Demanding our love and trust,
Whether he makes of the dust a flower,

Or changes a flower to dust.
“On the land and the water, all in all,

The strength to be still, or pray,
To blight the leaves in their time to fall,

Or light up the hills with May.”


Night kissed the young rose, and it bent softly to sleep. Stars shone, and pure dew-drops hung upon its bosom, and watched its sweet slumbers. Morning came with its dancing breezes, and they whispered to the young rose, and it awoke joyous and smiling. Lightly it ewung to and fro, in all the loveliness of health and youthful innocence. Then came the ardent sun-god, sweeping from the east, and smote the young rose with its scorching rays, and it fainted. Deserted and almost heart-broken, it drooped to the dust in its loneliness and despair.

Now the gentle breeze-which had been gamboling over the sea, pushing on the home-bound barque, sweeping over hill and dale, by the neat cottage and still brook, turning the old mill, fanning the brow of disease, and frisking with the curls of innocent childhood-came tripping along on her errand of mercy and love; and when she fondly bathed is head in cool, refreshing showers, the young rose revived, and looked and smiled in gratitude to the kind breeze, but she hurried quickly away, singing through the trees.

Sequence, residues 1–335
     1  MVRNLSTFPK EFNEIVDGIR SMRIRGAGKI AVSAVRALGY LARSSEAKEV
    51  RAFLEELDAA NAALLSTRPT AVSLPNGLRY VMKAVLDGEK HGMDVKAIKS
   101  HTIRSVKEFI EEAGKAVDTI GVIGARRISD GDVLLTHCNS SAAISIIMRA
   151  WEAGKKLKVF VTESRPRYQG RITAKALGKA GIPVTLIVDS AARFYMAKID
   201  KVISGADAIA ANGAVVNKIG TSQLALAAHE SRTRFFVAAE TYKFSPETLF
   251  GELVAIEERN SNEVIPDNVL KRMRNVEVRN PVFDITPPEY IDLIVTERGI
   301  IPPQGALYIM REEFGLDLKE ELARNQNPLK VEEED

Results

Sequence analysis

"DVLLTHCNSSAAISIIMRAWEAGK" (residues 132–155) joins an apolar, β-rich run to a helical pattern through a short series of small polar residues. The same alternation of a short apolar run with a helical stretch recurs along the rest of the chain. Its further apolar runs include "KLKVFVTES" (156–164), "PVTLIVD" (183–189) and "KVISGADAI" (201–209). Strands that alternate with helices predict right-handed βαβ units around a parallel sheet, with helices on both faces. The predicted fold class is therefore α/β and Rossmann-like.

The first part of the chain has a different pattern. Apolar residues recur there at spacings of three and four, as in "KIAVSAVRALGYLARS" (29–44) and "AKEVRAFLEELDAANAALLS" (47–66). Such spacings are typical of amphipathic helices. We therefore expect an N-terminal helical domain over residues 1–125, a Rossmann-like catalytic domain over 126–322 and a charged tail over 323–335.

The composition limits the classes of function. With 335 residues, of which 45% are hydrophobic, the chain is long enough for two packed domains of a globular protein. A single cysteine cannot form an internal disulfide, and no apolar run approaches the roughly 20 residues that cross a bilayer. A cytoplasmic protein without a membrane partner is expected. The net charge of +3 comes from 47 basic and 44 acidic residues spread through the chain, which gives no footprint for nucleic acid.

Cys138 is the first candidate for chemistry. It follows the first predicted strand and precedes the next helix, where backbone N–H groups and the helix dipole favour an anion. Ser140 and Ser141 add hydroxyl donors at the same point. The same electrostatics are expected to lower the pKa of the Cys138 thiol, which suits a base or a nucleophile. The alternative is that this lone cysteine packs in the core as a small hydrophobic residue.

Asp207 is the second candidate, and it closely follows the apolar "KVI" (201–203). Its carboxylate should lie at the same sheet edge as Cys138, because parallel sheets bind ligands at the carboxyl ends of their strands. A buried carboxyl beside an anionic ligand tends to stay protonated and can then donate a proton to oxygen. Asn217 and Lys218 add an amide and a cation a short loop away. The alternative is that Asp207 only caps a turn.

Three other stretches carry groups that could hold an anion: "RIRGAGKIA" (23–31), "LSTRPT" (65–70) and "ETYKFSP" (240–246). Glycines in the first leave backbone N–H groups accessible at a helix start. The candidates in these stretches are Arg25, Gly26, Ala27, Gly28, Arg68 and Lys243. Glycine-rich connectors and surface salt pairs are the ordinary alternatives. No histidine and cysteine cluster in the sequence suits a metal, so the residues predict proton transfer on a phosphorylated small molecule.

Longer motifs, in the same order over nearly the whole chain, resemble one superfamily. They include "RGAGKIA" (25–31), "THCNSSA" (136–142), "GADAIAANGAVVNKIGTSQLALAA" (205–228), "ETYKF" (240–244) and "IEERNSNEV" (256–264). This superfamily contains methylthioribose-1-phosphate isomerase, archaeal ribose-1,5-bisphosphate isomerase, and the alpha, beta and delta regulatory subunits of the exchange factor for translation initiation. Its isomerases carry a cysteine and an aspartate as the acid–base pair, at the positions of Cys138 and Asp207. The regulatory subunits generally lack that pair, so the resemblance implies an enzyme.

Thus ciuiliy, like the breeze, gathers fragrance from the drooping flowers it refreshes, and unconsciously reaps a reward in the performance of its office of kindness, which steals on the heart like rich perfume, to bless and to cheer


In the regular evening meeting

That the church holds every week,
One night a listening angel sat

To hear them pray and speak.
It puzzled the soul of the angel

Why some to that gathering came,
But sick and sinful hearts he saw,

With grief and guilt aflame.
They were silent, but said to the angel,

“Our lives have need of Him!"
While doubt, with dull, vague, throbbing pain,

Stirred through their spirits dim.